With labor rates in India unmistakably lower than in China, and a surplus population (with college graduates in some instances working as taxi drivers and security guards), India should logically be taking on China’s mantle as the “factory to the world.” India has already shown how it can excel, as in IT and computer services, because that sector freed itself from the baggage of the past and flew under the radar of bureaucratic interference so as to avoid the seven bottlenecks to business expansion detailed above.
Happily, the prospects for Indian manufacturing in the future are also brighter (if not entirely rosy), mainly because the Modi government is alive to the bottlenecks facing Indian firms and is willing to push against tradition, entrenched bureaucracies, strong unions, and India’s socialist past.
China is considerably ahead of India in terms of an efficiently functioning economy for three salient reasons:
- China’s liberalization began much earlier. Only two years after Mao Zedong died in 1976, his successor, Deng Xiaoping, began to dismantle the apparatus of state control. In India, it was not until 1991 that a balance-of-payment crisis forced the Rao government to unshackle Indian business.
2. The Chinese leadership under Mao had some heinous faults. But one foundational policy they instituted immediately in 1949 was to insist on full literacy for both males and females. By contrast, in India, a democracy, politicians saw no immediate payback from investing in basic education, which was severely underfunded and remains neglected. India’s literacy rates—even today—are barely above 77 percent for males and likely below 50 percent for females (only 23 percent of whom participate in the workforce). Literacy does not merely confer the ability to read and write. It changes people’s entire worldview, making them efficient workers and functioning members of a modern economy.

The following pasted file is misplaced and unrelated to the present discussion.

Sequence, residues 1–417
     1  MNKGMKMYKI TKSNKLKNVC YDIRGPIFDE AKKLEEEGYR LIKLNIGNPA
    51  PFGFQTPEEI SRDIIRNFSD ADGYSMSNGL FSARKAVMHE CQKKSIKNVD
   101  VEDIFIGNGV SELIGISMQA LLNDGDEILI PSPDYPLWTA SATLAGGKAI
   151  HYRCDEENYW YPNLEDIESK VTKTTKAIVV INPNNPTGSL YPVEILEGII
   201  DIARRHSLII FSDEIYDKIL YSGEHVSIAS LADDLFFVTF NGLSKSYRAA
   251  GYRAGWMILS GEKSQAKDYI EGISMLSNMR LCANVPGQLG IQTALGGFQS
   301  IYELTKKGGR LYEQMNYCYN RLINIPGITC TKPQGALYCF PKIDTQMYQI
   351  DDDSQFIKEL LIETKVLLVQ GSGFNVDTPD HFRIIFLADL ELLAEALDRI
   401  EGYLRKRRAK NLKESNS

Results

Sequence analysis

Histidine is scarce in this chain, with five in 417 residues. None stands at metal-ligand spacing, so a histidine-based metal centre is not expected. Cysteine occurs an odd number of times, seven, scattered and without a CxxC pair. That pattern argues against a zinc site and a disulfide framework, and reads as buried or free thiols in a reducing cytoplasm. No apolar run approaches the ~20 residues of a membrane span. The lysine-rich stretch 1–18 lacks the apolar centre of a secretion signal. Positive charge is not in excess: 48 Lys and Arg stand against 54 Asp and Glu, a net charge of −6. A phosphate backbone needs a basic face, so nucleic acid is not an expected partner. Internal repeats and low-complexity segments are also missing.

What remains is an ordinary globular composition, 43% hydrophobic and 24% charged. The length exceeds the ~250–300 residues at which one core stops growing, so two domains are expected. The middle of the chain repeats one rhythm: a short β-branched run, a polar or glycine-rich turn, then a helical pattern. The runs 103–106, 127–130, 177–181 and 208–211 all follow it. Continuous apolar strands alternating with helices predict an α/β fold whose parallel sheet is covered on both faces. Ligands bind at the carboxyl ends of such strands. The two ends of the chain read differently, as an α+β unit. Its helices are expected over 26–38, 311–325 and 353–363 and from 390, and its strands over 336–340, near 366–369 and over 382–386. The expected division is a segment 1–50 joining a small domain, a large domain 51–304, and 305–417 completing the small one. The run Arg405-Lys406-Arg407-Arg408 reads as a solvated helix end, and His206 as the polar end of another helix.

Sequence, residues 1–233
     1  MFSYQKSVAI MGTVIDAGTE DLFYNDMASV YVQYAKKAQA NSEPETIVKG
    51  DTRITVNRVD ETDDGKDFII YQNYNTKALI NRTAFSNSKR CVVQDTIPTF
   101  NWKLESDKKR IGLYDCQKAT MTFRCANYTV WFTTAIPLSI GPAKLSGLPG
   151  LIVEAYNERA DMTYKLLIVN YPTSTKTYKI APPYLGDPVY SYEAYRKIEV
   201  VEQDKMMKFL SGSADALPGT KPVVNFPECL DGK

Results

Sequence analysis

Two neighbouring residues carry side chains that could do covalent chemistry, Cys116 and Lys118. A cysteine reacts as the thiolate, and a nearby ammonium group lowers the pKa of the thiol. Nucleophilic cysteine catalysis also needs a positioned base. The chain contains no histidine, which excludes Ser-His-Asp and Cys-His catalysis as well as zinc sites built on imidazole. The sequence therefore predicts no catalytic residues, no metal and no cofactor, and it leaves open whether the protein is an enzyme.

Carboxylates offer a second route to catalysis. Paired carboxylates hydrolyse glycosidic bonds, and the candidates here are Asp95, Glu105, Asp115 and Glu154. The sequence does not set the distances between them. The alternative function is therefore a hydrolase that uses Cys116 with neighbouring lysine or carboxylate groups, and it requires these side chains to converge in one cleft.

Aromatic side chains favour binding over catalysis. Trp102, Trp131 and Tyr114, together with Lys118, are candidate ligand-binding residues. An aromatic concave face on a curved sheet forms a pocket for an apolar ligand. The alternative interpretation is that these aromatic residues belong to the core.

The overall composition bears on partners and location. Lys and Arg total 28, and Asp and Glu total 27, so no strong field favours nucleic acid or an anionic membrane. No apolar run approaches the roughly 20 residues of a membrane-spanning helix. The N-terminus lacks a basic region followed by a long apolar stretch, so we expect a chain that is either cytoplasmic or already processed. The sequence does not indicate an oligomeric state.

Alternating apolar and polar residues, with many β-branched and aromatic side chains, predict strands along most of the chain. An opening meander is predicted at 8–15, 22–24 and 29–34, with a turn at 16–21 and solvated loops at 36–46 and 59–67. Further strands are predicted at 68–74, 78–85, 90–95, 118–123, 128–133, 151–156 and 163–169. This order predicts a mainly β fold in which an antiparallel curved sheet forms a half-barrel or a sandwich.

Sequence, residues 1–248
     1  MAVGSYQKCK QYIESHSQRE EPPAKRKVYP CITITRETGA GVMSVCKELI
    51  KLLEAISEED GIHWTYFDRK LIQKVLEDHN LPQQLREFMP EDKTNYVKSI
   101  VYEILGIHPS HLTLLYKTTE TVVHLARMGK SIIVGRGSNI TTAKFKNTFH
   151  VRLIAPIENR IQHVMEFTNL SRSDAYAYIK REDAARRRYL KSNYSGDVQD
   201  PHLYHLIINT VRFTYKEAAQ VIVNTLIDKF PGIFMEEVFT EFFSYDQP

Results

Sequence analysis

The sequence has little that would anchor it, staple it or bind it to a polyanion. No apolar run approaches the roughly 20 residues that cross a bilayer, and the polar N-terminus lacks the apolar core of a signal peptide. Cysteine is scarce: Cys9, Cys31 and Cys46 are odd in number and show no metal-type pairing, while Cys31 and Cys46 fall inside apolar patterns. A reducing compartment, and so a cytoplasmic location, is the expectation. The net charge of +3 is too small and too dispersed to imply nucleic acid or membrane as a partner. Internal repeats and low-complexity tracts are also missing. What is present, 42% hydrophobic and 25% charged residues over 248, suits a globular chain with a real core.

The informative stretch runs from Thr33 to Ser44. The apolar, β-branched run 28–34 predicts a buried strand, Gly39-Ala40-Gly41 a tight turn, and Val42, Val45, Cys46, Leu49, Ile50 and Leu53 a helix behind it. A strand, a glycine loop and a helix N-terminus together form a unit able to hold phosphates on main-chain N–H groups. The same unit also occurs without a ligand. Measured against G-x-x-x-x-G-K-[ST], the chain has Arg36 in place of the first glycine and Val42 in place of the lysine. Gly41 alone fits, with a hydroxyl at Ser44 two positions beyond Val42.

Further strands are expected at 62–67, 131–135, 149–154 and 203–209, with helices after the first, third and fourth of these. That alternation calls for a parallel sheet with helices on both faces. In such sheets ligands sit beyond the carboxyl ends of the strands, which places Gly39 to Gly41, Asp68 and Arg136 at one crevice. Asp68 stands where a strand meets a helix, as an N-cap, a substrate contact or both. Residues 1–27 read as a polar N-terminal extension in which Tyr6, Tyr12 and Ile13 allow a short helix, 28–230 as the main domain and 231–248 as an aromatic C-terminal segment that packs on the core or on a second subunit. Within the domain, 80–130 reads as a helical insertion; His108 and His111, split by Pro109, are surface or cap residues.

3. As noted, India is a democracy. I would not have it any other way. And I cannot imagine the country being able to cohere under any other system, given its diversity and multiplicity of religions and traditions. But democracy is a messy, slow process, and it sometimes delays needed reforms. India has 22 official languages, 3,000 dialects, and thousands of gods. By contrast, large as it is, China is one of the most homogeneous nations on the planet, with 92 percent of its population being Han, with one language, one culture, and one powerful government.
India’s leaders are beginning to behold how modern economies function and are talking steps to shed the elements of its past that have inhibited economic growth. After a long night of colonial domination, and decades of socialist somnolence, the India giant is beginning to stir.